Nothing could be further from the truth, and Jesse Bright knew it. When police officers pulled him over recently in Wilmington, North Carolina, Bright complied. Then, he began to take out his phone and record the process. One of the officers, Sgt. Kenneth Becker, advised Bright that a new law had passed that stated he could not lawfully record him. Bright knew there was no such law and told the officer as much.
Not every driver is as familiar with the law as they could be, and if it had been any other driver, they might have taken Becker’s word for it. Not Bright, though. He knew full well there was no such law because he is an attorney. Bright was driving for Uber at the time to make extra money when he was pulled over by the officer. He had driven a passenger to a house per that passenger’s request. Bright was unaware the home had been under police surveillance for suspicious activity.
Bright continued to record the officer, increasingly annoying him by doing so. Becker threatened to throw Bright in jail if he continued. Bright continued anyway, stating he knew his rights, and the officer did not arrest him. Becker learned Bright was an attorney and initially thought it was just a cover. He eventually allowed both Bright and his passenger to go free once he realized they had done no wrong.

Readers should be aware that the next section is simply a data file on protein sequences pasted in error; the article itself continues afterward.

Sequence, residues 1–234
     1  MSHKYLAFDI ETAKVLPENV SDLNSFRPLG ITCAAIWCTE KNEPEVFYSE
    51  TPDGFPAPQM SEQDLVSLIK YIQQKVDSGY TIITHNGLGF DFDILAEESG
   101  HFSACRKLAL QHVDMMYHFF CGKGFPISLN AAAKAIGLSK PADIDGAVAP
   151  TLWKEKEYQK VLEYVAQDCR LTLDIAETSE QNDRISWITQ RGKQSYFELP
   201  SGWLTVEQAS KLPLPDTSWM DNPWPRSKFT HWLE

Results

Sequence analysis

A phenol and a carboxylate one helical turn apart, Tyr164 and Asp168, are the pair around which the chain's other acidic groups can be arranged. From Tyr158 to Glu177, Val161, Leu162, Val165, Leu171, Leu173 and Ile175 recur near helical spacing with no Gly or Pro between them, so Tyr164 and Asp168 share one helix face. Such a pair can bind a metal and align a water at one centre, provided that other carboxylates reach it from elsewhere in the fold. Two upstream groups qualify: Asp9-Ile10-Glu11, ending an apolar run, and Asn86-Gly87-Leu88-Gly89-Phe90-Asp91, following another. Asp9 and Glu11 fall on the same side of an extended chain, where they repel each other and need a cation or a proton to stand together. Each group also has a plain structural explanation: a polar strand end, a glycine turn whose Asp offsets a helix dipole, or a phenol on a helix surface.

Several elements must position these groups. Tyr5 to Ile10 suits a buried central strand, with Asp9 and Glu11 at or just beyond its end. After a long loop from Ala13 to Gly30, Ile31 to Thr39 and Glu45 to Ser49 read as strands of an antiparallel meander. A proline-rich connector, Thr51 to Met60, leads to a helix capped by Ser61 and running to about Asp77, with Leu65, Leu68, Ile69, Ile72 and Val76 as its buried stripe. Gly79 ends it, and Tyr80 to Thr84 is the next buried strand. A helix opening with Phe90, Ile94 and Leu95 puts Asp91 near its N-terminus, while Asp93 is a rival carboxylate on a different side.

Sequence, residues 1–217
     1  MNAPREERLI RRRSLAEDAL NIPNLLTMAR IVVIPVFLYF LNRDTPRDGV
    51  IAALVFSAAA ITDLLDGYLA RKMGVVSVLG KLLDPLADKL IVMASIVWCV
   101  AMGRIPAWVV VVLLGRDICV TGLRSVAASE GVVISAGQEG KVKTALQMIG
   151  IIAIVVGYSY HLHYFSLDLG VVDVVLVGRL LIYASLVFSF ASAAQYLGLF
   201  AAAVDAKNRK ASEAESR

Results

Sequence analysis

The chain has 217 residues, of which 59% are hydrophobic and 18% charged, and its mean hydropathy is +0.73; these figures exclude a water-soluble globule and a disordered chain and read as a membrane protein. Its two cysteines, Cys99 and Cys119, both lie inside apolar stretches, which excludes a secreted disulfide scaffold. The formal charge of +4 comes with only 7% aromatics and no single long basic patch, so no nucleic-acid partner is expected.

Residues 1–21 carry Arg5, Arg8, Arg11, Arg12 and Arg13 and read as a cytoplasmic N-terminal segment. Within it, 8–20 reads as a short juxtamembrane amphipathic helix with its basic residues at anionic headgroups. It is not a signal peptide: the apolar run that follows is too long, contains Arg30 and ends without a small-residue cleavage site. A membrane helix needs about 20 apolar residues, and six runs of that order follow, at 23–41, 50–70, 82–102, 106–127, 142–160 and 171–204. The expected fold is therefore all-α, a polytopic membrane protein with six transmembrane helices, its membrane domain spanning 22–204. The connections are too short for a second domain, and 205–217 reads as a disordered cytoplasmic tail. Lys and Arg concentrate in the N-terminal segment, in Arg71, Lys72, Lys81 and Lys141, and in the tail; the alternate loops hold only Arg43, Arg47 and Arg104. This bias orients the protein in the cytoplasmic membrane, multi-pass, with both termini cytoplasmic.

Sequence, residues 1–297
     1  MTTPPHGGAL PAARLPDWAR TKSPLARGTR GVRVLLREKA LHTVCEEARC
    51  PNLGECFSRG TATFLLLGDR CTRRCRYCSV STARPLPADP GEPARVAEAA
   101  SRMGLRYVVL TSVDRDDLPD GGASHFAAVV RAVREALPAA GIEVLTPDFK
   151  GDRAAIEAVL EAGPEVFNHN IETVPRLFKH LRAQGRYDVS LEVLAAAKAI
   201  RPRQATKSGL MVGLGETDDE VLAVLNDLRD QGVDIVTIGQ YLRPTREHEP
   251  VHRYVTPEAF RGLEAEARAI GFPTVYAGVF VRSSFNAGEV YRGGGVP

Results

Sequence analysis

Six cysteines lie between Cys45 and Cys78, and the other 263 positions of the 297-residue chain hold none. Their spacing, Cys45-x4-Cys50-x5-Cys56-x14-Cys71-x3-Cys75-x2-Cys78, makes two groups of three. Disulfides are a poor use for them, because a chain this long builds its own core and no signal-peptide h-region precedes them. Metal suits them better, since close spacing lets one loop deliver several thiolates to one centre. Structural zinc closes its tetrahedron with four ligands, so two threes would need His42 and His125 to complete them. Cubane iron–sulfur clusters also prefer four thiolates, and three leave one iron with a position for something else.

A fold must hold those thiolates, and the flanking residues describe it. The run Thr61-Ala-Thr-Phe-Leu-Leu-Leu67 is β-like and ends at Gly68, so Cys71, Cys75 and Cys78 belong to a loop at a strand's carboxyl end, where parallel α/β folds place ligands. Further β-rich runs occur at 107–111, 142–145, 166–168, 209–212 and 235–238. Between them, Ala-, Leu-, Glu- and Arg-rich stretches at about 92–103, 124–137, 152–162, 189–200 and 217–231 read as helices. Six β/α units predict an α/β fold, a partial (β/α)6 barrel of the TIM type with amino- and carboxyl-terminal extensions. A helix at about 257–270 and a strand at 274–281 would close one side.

Bright advises the public to know your rights and stand your ground. He states, “If an officer gives you a lawful command and that command is disobeyed, they’ll arrest you,” Bright said. “The fact that I wasn’t arrested and he didn’t even try to arrest me is proof that he was being dishonest.” Bright decided to go public with his recording after his calls to the department were repeatedly ignored, and they never bothered to apologize to him personally.
The sheriff’s department did release a statement advising how they wanted the public to know “it is legal” to record an officer while on duty, and that they “invite the public to do so.” Still, it is unsettling to see that officers can and will say anything including a lie in order to get a civilian to obey their order. Officers are considered the law, but they forget they need to also obey the law themselves.
What would you have done if you were in Jesse Bright’s shoes? Let’s discuss here or on Twitter @lcarterwriter.